The testing also produced evidence for extensive activity in the area immediately outside the double enclosure to the north, south and east. Most of this took the form of ditches, but some gullies, pits, furrows and a stone structure, probably a partly robbed-out souterrain, were also uncovered. Ditches varied from less than 1m to over 3m in width and 0.4m to almost 2m in depth. Double, stepped, V-shaped and flat-bottomed examples were all represented. Finds from the ditch fills included a few fragments of iron smithing slag, the blade of an iron whittle-tang knife, an iron ring-pin shank, one sherd of what has been tentatively identified as Leinster or Dublin-type cooking ware and a worked bone rib. Two pieces of flint were recovered from soils covering the remains of the souterrain. The presence of the souterrain suggests that the site was in use during the very late first millennium AD and the range/type of finds recovered would accord well with that dating.

Parallels for this type of enclosure complex seem to be particularly concentrated in north county Dublin and in the adjacent parts of Meath. This may be entirely due to the high level of recent development in that general area, rather than to any existing distinctive regional pattern. Sites such as Colp West, excavated by Margaret Gowen (Excavations 1988, No. 51), and Ninch, excavated by James Eogan and Martin Reid (Excavations 2000, No. 760, 98E0501) in Co. Meath, and Gracedieu, excavated by Margaret Gowen (1988) and Malachy Conway (1999) (Excavations 1988, No. 16; Excavations 1999, No. 248), and Kilshane, excavated by Margaret Gowen (Excavations 1988, No. 18) in Co. Dublin, seem to be broadly comparable to Area 21, in that all consist of early medieval/medieval inhumation cemeteries defined by ditches. Most have also produced evidence for associated activity in the form of additional ditches, gullies, pits, stake-holes, etc. In some cases, there was also clear evidence for earlier, contemporary and/or later settlement and/or industrial activities within the wider cemetery complexes. Some of these sites seem to have had a long history extending back into the prehistoric period, but in all cases the excavators were of the opinion that the inhumations belonged to the early medieval/medieval periods and this dating was confirmed in some instances by radiocarbon dates and/or the presence of E- or B-wares.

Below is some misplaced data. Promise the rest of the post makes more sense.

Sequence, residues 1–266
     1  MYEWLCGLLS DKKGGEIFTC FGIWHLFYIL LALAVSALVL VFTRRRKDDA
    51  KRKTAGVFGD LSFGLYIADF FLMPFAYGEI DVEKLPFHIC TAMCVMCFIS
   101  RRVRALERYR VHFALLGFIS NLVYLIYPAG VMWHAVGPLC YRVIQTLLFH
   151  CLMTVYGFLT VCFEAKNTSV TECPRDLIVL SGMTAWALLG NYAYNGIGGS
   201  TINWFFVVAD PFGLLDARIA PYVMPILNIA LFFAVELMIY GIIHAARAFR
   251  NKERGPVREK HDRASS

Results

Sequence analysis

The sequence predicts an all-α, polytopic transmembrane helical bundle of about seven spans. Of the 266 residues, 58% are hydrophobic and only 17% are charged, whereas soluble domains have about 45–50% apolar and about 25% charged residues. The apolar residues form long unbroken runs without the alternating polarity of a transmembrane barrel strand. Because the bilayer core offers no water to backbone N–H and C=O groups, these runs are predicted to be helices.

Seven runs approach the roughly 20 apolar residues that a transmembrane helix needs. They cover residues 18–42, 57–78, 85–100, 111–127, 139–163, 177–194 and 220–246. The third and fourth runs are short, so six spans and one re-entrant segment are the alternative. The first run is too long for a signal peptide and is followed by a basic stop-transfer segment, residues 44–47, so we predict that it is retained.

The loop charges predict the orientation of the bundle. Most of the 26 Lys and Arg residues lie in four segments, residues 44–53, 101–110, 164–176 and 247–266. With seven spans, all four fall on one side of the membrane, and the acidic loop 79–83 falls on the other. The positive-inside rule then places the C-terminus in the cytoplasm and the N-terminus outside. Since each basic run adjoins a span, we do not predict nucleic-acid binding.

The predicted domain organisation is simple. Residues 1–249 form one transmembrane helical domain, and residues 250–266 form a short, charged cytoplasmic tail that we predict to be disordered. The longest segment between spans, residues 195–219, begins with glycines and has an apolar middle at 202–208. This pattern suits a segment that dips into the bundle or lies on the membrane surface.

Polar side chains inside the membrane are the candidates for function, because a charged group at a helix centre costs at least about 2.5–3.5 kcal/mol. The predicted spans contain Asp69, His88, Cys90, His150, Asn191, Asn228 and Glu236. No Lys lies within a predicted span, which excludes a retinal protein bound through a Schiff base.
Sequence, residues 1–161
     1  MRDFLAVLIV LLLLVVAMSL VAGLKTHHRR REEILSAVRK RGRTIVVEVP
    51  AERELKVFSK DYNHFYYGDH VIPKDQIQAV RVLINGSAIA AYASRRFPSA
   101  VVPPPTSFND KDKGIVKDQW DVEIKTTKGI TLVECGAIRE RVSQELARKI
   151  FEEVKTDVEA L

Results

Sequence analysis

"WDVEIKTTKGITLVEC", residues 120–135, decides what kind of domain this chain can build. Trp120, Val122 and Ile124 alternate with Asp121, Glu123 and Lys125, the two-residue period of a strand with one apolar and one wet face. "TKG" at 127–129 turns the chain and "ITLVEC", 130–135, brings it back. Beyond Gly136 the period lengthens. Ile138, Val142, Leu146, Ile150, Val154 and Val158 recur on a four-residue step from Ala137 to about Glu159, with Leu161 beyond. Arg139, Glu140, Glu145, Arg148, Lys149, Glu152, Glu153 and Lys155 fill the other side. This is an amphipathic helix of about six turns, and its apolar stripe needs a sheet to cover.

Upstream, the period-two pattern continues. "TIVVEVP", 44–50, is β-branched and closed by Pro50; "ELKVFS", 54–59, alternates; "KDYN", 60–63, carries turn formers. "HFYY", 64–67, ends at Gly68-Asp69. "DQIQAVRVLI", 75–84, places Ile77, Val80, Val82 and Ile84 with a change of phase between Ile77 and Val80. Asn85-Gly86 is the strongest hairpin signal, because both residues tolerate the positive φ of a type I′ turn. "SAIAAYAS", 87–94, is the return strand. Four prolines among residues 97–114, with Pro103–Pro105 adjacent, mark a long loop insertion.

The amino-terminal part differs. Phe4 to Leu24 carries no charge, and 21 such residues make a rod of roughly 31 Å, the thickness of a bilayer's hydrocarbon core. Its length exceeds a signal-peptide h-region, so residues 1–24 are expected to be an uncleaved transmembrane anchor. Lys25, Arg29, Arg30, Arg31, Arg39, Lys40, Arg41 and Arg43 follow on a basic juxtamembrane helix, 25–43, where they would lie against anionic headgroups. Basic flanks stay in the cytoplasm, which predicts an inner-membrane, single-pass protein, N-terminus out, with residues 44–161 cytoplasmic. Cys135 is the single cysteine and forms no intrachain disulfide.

While there was no definite trace of any prehistoric activity at Area 21, there was clear evidence for a sequence of activity. The presence of the souterrain, the range of finds and the quantity of food refuse present also suggest that there was some settlement activity on the site. While it is possible that the South Area may have been the main focus for any settlement, the organic-rich deposits found east of the double enclosure, and the souterrain itself, raise the possibility that some non-funerary activity also took place in the North Area. Indeed, it is quite possible that the cemetery represents only the penultimate use of the site; an early medieval settlement site excavated at Smithstown, Co. Meath, by Margaret Gowen (Excavations 1988, No. 55) was also defined by a series of ditches, gullies and related features. The number of non-monastic cemeteries that have come to light in north Leinster in recent years is noteworthy and hints at a fairly sizeable population in the area in early medieval times. The context of these cemeteries is of some interest. As noted above, many of the known examples appear to have had a non-funerary aspect, but it remains unclear if we are looking at spatial diversity, a sequence of domestic/funerary activity, or possibly even some ritual activities associated with the act of burial. The exact location of cemeteries within the territories of early historic population groups is also a subject of some interest. In that respect, the Broadmeadow River seems a natural 'frontier' and it is possible that the site lay along a tribal boundary.

The excavations at Area 21 provided a rare opportunity to directly compare results from two different approaches to mapping a hitherto unrecorded archaeological monument. The concordance between the two sets of evidence was remarkable and, in the extremely dry conditions of summer 2003, the geophysics blueprint greatly enhanced feature recognition during testing. As a result of the testing, the limits of the zone of prime archaeological interest were defined in advance of full excavation.